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The Biggest Streaming Media Mergers and Acquisitions of 2015

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All types of media saw significant consolidation in 2015, reinforcing and accelerating a trend that started in 2014. Whether it was Amazon acquiring the Washington Post, or Verizon picking up AOL, 2015 was a banner year for old and new media to morph in to mobile- and video-centric media.

Looking at the big picture, the number of mergers and acquisitions in three key spaces—digital media, information, and technology—increased almost 25 percent in the first 6 months of 2015 compared to the same period for 2014.

According to investment bank Coady Diemar Partners, “the total number of these deals increased to 1,243 in the first half of 2015, up from 1,000 during the same period in 2014” but the value of mergers and acquisitions overall fell by almost 23 percent year over year to just shy of $100 billion. The company says this is “primarily due to a decrease in the number of deals equal to or greater than $1 billion.”

Let’s look at the top mergers and acquisitions for 2015 in digital media, and their bearing on the streaming media landscape. 

[Editor's Note: You'll note that two of the biggest acquistions of 2015 aren't mentioned in this article. Click the links to read our coverage of Amazon Web Services' purchase of Elemental Technologies for a reported $500 million and Ericsson's acquisition of Envivio for $125 million.]

Verizon Acquires AOL, Which Acquires Millennial

This string of mergers reshaped the landscape in a small way, or at least gave AOL another lease on life. The once-infamous internet service provider was almost as well-known for its annoying past marketing tactics as it had been for the ill-fated merger more than a decade ago that saw it placed under the Time Warner umbrella until saner heads prevailed.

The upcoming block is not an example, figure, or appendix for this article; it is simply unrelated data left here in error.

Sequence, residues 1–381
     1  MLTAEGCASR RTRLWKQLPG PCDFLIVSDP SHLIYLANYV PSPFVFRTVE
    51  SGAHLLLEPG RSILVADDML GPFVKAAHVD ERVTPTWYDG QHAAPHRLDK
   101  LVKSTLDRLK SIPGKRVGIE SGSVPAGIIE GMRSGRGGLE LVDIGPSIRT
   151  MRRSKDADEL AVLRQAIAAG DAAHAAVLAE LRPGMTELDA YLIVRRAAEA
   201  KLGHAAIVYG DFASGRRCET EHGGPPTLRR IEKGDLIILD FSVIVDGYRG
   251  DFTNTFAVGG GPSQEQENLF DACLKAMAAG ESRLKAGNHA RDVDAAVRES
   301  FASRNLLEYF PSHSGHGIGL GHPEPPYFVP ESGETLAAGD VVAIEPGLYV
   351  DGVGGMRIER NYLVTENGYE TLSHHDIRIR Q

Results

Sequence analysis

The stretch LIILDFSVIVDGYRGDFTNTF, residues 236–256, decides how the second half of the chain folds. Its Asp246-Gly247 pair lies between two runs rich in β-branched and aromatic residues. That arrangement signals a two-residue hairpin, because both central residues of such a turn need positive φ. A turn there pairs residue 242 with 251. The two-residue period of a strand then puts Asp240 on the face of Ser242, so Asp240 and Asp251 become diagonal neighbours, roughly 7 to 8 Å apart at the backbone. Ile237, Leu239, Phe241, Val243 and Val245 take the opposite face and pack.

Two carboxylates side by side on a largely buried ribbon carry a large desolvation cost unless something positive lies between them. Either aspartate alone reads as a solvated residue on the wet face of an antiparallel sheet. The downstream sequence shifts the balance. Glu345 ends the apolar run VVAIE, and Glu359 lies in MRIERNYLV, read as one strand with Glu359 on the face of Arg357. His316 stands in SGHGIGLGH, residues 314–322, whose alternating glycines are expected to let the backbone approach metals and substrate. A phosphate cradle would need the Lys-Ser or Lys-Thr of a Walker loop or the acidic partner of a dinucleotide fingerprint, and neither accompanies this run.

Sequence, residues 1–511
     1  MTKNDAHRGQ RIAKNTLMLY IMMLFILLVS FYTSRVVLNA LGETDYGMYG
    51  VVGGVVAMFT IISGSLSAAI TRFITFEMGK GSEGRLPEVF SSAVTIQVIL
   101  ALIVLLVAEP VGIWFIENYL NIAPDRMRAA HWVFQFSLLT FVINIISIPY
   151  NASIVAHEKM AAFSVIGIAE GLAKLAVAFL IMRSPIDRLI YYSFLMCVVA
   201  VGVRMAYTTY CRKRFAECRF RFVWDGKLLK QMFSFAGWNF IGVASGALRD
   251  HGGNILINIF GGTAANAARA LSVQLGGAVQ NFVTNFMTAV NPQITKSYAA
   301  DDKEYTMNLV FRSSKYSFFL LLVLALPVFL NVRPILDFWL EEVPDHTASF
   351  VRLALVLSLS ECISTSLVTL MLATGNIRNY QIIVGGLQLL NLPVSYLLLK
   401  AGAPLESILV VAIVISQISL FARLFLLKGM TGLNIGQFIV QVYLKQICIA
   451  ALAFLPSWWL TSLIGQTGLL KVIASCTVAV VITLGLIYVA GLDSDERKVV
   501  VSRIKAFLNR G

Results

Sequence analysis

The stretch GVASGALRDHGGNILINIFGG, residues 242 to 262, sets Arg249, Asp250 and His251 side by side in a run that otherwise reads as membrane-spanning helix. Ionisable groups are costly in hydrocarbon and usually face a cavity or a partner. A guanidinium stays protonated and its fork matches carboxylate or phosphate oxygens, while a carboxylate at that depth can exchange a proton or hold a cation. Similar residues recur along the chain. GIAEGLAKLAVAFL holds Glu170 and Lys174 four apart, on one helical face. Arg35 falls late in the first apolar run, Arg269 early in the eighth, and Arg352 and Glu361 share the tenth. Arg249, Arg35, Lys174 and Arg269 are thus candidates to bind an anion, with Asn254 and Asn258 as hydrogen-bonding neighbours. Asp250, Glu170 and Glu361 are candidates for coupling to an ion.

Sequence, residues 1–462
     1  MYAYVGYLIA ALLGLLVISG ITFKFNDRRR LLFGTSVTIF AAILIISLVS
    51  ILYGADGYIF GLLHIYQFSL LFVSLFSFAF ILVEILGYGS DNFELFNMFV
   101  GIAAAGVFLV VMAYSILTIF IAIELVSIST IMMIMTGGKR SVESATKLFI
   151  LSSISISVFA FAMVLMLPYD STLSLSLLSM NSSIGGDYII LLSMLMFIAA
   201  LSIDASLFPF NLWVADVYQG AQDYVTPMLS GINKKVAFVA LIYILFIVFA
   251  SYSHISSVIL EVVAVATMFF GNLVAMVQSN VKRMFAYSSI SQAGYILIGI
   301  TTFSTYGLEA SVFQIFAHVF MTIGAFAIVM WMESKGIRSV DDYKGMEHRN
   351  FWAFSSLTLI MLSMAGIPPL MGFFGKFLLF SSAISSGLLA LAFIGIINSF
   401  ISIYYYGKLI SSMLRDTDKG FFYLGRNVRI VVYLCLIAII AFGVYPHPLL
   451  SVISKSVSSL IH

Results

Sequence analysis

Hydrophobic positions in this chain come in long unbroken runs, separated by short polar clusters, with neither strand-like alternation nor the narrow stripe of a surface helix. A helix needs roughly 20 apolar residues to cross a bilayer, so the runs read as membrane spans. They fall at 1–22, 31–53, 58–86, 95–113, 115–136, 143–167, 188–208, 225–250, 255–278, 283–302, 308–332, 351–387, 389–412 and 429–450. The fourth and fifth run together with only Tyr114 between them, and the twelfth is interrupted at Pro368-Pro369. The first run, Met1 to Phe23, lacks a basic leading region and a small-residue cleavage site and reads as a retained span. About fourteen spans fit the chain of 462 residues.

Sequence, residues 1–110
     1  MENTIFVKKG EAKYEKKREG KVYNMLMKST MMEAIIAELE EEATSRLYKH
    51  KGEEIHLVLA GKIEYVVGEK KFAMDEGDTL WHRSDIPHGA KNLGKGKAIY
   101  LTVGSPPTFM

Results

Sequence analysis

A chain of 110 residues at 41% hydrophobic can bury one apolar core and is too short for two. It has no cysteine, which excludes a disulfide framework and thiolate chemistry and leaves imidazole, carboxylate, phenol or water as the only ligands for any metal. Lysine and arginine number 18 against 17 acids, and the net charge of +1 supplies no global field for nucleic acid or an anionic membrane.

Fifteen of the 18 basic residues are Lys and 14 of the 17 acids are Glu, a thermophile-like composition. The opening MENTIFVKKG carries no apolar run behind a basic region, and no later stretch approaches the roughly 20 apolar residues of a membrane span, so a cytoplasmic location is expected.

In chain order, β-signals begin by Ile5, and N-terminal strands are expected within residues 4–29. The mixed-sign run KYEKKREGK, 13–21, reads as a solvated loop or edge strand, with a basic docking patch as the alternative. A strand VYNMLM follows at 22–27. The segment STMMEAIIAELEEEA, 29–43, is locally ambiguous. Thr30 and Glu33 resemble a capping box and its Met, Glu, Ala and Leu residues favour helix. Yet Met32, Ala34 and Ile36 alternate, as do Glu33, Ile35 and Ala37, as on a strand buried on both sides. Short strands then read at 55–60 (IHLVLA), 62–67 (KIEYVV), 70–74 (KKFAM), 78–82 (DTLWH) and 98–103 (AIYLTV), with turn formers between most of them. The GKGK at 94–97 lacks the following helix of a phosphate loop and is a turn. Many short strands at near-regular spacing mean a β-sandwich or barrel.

So bad was that initial merger that a Fortune columnist mentioned it last year as a classic example of the transient advantage.

“The business was up against a phenomenon I refer to as transient advantage,” wrote Rita Gunther McGrath, a Columbia Business School professor of business strategy. According to McGrath, the transient advantage is, well, fleeting, “namely when a combination of capabilities that at one point made a firm a leader, erodes and is replaced by the next form of competitive advantage.”

McGrath pointed out that AOL’s online presence was strong, in fact stronger than any presence that Time Warner had been able to build, so the merger made initial sense. That might be a warning to Verizon, though, as its acquisition of AOL, completed in mid-2015, was pitched as a way to allow Verizon to push much more rapidly into the realm of over-the-top (OTT) and mobile video content.

“This acquisition supports our strategy to provide a cross-screen connection for consumers, creators and advertisers to deliver that premium customer experience,” Lowell McAdam, Verizon chairman and CEO, said in a prepared statement.

“We are excited at the prospect of charting a new course together in the digitally connected world,” McAdam said. “At Verizon, we’ve been strategically investing in emerging technology, including Verizon Digital Media Services and OTT, that taps into the market shift to digital content and advertising. AOL’s advertising model aligns with this approach, and the advertising platform provides a key tool for us to develop future revenue streams.”

With the ink barely dry on the AOL-Verizon deal, AOL itself announced that it was acquiring Millennial, a mobile ad platform that AOL hopes to use to augment its own digital mobile ad platform offering. Millennial had stayed independent, then gone through its own IPO in 2012 before acquiring a number of small mobile ad platforms. While the company had raised $130 million and was briefly valued at around $2 billion, it fell prey to industry consolidation. AOL’s final purchase price of Millennial was just over $200 million, when the acquisition was completed in late October 2015.

Intel Acquires Altera